An independent review of the Oakland Police Department's handling of a scandal involving an offensive meme account created by a recently fired officer — and the many still active OPD officers who liked and commented on its posts — has determined that the department still has a lot to learn.
The San Francisco law firm Clarence, Dyer & Cohen LLP recently completed a court-ordered independent review of the OPD's handling of the situation following the revelation last fall of an Instagram account named @crimereductionteam. Internally, the firm found, per its 23-page report, the department dragged its feet in addressing the account and disciplining officers who liked or endorsed problematic posts, and its investigation into the situation was "anemic" overall.
The report suggests that the OPD "took much too long to recognize the bigoted and corrosive nature" of the posts on @crimereductionteam, and adds that "there is no satisfactory explanation for this collective failure."
"At best, this failure signals an absence of processes within the department to ensure a safe and discrimination-free workplace committed to court-ordered reforms," the firm writes. "At worst, it bespeaks a culture so hostile to women and minorities, and so wedded to a discredited model of policing, that it cannot identify discriminatory and anti-reform messaging when it sees it."
The report was submitted to U.S. District Court Judge William Orrick, who serves as the judicial officers overseeing the Oakland Police Department as part of its almost 20-year negotiated settlement with the federal government — having been officially identified as a problematic police force back in the early 2000s.
The @crimereduction account was first discovered by OPD brass back in September 2020, and a rumor came later that it was the work of a disgruntled former officer who had been fired following an officer-involved shooting incident. Interim Chief Susan Manheimer was leading the department at the time, and it was not until January of this year — around the time that local blog Oaklandside was reporting on the situation — that she ordered the department's "integrity unit" to review the Instagram account.
Prior to that, last September, after a number of officers and higher-ranking members of the department were invited to follow @crimereductionteam, an internal email was sent by the intelligence unit advising officers that following certain social media accounts may "reflect poorly on you."
The account included a number of inoffensive memes about police work that resemble those from other similar social media accounts around the internet, but several of the posts shared referred directly to incidents in Oakland, and a number of them contained blatantly sexist and racist content, and content that makes light of excessive uses of force like those below.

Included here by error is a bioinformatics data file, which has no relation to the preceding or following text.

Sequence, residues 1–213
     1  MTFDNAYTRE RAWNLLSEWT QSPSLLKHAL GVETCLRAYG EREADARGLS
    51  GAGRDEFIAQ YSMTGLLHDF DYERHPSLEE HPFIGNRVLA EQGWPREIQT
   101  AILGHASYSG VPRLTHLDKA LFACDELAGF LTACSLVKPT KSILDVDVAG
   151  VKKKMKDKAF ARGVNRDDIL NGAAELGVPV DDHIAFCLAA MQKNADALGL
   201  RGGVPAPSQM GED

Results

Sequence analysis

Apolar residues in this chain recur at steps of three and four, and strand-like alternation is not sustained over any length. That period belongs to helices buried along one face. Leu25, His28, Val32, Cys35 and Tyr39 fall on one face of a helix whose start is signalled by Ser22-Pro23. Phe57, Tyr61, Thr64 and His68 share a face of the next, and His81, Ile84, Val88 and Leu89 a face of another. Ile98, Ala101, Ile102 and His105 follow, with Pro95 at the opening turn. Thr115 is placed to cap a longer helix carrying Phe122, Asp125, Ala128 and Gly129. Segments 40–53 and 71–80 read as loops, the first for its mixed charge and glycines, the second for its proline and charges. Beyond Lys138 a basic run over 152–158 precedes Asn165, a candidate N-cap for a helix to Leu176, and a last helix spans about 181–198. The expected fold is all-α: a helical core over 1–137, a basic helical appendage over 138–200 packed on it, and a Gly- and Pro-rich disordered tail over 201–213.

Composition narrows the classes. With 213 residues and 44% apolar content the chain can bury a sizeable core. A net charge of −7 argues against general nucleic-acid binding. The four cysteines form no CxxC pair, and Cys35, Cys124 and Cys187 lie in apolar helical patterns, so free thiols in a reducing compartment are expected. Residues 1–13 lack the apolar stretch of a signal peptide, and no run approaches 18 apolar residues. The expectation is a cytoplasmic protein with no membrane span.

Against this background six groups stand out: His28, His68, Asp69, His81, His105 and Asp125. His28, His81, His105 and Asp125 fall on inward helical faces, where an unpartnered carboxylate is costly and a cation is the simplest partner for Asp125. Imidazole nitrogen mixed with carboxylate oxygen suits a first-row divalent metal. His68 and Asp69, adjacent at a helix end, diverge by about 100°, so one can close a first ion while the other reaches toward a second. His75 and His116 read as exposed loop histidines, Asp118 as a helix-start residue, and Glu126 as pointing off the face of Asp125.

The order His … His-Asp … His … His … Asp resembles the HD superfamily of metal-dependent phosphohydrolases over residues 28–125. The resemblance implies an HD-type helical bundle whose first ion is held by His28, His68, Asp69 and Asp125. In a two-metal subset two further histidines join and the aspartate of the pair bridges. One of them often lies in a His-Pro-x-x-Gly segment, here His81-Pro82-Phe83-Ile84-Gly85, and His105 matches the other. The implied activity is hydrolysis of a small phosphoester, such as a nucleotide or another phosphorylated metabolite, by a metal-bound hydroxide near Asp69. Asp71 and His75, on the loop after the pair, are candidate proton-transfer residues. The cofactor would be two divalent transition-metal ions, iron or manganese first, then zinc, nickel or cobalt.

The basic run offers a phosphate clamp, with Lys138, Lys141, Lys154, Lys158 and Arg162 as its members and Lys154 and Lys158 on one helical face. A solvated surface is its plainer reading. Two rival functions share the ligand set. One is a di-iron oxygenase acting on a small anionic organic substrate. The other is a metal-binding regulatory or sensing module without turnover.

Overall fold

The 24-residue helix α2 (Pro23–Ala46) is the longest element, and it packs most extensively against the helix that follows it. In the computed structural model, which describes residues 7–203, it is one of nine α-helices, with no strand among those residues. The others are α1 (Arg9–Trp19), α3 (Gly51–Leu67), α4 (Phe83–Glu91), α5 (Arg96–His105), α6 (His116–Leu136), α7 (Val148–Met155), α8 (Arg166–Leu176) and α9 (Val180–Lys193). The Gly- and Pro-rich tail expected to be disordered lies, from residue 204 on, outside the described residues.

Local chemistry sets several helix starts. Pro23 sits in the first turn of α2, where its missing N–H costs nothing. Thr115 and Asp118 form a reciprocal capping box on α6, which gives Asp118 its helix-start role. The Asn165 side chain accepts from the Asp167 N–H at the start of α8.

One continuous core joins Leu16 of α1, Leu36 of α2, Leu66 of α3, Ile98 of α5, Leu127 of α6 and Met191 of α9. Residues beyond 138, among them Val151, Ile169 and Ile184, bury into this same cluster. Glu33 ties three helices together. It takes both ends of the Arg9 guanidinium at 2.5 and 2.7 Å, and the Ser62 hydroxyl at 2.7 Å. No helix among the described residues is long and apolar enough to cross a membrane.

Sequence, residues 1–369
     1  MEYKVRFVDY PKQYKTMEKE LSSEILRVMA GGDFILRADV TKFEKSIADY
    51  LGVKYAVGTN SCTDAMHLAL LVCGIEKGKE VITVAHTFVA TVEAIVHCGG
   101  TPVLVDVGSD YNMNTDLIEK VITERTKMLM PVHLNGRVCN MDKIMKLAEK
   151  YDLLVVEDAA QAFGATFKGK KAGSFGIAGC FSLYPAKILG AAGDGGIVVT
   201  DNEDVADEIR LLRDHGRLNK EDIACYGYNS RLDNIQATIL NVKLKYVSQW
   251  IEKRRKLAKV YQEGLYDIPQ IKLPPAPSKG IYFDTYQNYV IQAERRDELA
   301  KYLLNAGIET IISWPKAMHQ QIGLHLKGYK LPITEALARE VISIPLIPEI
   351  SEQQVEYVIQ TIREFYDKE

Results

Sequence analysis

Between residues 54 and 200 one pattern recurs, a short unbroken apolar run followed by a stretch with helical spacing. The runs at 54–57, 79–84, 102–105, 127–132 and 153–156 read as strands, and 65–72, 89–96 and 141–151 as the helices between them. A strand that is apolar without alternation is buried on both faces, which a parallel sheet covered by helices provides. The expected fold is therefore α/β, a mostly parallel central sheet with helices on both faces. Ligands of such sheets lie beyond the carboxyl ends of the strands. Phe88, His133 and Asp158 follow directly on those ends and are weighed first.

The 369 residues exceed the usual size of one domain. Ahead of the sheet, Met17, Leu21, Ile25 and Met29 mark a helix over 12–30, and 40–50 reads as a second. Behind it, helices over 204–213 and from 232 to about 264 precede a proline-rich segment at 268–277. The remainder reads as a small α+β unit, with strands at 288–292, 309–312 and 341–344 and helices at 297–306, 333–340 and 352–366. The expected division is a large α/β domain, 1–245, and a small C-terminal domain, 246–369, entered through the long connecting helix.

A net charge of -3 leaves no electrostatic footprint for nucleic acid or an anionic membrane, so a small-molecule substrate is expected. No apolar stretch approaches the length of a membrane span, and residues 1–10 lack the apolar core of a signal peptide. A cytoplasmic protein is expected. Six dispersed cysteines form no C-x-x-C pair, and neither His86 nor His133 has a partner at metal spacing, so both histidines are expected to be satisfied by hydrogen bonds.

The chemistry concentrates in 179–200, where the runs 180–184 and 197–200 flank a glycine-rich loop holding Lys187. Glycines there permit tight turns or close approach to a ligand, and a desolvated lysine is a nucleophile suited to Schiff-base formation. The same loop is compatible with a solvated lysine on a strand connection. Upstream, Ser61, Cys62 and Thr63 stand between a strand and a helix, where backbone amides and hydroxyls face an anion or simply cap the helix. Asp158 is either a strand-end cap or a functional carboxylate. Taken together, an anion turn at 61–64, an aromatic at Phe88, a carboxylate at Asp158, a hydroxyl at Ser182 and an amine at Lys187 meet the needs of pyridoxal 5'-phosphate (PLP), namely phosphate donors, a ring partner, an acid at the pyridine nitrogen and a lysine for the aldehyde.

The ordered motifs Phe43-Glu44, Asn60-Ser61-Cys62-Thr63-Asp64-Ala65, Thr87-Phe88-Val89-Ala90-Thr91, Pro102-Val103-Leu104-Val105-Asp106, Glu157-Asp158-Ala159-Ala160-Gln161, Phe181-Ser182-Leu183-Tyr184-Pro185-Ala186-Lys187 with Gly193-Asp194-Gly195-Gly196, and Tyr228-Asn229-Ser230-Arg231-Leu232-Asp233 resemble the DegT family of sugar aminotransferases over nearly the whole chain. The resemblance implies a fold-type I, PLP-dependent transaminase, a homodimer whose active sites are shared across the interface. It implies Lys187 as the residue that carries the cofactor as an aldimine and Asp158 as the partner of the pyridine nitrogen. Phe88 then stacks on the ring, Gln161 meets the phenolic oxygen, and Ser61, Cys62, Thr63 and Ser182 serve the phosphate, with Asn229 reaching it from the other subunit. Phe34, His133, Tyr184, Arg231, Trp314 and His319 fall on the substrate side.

The firm reviewing the scandal interviewed 43 people in the OPD during its six-month investigation, and says it encountered a number of officers who claimed that the memes were not offensive and anyone who thinks they are is being too sensitive.
"To these officers, the memes were funny, and anyone who took offense to them just couldn’t take a joke," the firm noted. "How does one account for this gaping blind spot, especially in the face of recent efforts by OPD to acknowledge implicit bias in policing and train officers to address it?"
Problems with the Oakland Police Department arguably go back deep into the 20th Century, but infamous Riders scandal of 2003 led to the current negotiated settlement and federal oversight that continues today. The department's steady stream of scandals in the last decade led to a comically frequent turnover in leadership, and included a pattern of officer-involved shootings, as well as a 2016 scandal in which a number of Oakland officers coerced sex from an underage sex worker known as Celeste Guap, who was also the daughter of a police dispatcher.
As recently as 2019, a federal auditor's report said the department had been "backsliding" in its reform efforts under the tenure of former chief Anne Kirkpatrick — who was removed under order from the city's Police Commission last year — and it was "deficient in several ways" over its handling of officer-involved shootings and in-custody deaths.
As KTVU notes, Judge Orrick has previously said that the OPD's federal oversight will continue until it "roots out officers who do not respect the people they serve and treat them equally."
Newly installed Chief LaRonne Armstrong was just saying last month that he hoped the federal oversight might conclude soon under his tenure. And two local civil rights attorneys, Jim Chanin and John Burris, had also been recommending that the oversight should end.
Chanin tells KTVU he's "disappointed" — and says he's the one who brought the meme account to the attention of OPD leadership in December. And, he says of the investigative report, "It raises serious questions about whether the department has really changed and if it's time to end the Negotiated Settlement Agreement."